CUOMO: Why is going to a place that you're not from, joining up with the Proud Boys, with an AR-15, not proof of going to a place, looking to get into the mix?

DAVIS: It is certainly possible that we have a 17-year-old young man here, who had a case of Junior G-Man syndrome.

And no kid of mine is going to arm up, and go 30 miles, 40 miles, to do whatever, however, altruistic and noble his intent may be, in the middle of a riot.

But that's not what Kyle Rittenhouse is on trial for. The fact of the matter is that he went. And we can like that or not like that.

CUOMO: Right.

DAVIS: What is an issue in the trial is, is he guilty of a homicidal act? And I think this jury is going to say "No."

And hopefully, we can have the kind of peace and resolve that we had there, when Derek Chauvin, a very controversial trial, I looked at the Chauvin trial, and said, "You know, he needs to be convicted of something." I didn't know what, but certainly something.

So, it's a crazy revolutionary idea, looking at these things, on a case-by-case basis, and taking our inherent biases, and preconceived notions, and maybe, please, God, putting a pin in them, and looking at the evidence.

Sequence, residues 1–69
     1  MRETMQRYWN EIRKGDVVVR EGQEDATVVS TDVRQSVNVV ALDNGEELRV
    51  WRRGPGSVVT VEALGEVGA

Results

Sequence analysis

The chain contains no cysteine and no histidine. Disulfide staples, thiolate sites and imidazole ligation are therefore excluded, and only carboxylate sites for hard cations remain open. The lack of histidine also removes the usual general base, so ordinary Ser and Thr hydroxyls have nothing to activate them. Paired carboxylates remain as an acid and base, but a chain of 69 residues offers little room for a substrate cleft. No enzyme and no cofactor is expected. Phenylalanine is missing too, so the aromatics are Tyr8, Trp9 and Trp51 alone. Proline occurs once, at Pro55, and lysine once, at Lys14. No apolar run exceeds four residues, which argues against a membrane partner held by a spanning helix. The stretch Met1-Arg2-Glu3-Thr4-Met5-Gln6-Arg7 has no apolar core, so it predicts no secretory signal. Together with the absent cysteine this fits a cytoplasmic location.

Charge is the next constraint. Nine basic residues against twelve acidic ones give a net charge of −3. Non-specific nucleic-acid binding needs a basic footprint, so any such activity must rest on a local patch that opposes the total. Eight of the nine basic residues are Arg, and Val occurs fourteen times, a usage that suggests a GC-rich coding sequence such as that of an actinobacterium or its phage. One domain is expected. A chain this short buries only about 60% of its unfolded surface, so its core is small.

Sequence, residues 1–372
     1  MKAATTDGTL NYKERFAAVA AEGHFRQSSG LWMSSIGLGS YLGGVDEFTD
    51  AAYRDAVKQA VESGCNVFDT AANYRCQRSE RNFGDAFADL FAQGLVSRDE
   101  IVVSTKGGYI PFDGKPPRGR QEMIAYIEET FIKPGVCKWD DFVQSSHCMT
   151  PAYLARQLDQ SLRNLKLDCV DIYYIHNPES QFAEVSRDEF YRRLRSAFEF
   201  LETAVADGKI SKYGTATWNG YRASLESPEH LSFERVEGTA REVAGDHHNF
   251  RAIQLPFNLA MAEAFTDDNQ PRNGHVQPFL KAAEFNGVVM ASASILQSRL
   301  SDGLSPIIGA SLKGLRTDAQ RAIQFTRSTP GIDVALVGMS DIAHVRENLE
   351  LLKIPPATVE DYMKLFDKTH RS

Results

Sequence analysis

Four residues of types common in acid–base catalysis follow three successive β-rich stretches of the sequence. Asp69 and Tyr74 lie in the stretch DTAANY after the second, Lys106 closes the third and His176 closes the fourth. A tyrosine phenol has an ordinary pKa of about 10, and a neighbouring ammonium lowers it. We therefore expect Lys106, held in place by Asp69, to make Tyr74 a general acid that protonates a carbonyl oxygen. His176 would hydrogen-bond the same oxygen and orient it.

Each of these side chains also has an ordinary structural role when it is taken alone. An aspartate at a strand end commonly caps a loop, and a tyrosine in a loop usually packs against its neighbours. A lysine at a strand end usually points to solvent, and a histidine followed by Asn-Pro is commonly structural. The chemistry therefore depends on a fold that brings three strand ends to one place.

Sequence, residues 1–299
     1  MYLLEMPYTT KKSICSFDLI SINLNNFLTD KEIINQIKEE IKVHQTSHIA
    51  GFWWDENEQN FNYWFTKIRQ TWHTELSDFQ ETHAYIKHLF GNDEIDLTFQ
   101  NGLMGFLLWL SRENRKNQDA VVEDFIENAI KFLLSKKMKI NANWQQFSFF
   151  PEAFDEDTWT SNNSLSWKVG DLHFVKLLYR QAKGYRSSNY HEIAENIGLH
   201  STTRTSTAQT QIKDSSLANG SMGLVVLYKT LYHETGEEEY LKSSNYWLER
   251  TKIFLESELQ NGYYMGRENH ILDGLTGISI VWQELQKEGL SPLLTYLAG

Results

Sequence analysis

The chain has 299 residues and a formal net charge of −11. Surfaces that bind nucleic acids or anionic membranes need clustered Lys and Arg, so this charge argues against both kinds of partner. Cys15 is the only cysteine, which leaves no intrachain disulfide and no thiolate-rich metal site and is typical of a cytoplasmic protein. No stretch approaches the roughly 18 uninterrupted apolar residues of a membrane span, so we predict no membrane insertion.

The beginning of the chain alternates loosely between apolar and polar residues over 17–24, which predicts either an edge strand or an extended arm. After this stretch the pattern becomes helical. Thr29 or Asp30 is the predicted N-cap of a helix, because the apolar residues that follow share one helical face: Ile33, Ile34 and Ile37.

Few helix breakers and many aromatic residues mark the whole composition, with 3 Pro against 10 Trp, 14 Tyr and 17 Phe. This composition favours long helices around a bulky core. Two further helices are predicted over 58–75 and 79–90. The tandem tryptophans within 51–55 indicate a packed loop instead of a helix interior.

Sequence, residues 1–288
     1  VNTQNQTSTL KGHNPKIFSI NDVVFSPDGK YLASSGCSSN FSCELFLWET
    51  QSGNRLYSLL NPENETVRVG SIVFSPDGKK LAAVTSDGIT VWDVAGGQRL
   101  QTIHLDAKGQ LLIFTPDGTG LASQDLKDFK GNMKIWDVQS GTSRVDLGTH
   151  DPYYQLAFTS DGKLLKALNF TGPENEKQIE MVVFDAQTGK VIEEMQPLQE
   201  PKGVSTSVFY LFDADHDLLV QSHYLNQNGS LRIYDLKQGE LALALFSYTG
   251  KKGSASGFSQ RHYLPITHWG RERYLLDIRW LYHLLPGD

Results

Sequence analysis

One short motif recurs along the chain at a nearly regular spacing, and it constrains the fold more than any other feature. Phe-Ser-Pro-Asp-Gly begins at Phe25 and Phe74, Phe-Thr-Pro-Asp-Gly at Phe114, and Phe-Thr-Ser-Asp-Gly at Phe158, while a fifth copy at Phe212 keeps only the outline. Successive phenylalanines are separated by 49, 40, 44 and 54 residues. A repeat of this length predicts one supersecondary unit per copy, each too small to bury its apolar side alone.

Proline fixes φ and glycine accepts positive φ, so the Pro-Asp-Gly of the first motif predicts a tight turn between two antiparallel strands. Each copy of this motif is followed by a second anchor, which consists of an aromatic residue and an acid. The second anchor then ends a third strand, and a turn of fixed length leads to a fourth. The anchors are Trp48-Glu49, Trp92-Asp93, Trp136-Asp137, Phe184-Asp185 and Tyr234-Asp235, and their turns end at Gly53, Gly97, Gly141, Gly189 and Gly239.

CUOMO: Mark Davis, I appreciate you.

Also, look, for all the talk about his affinity, for Proud Boys and that, I, personally, in reviewing that evidence, I don't know who he was with. He was definitely with a group of White boys. I don't know if they had affiliation or not.

DAVIS: Thank you.

CUOMO: The point stands that it is not part of the fact analysis of the trial.

The jury is going to have to look at it. They are human beings. But they're going to have to look, at what he did, why they died, and whether or not what was a murder, can be justified, by self-defense, as an affirmative defense.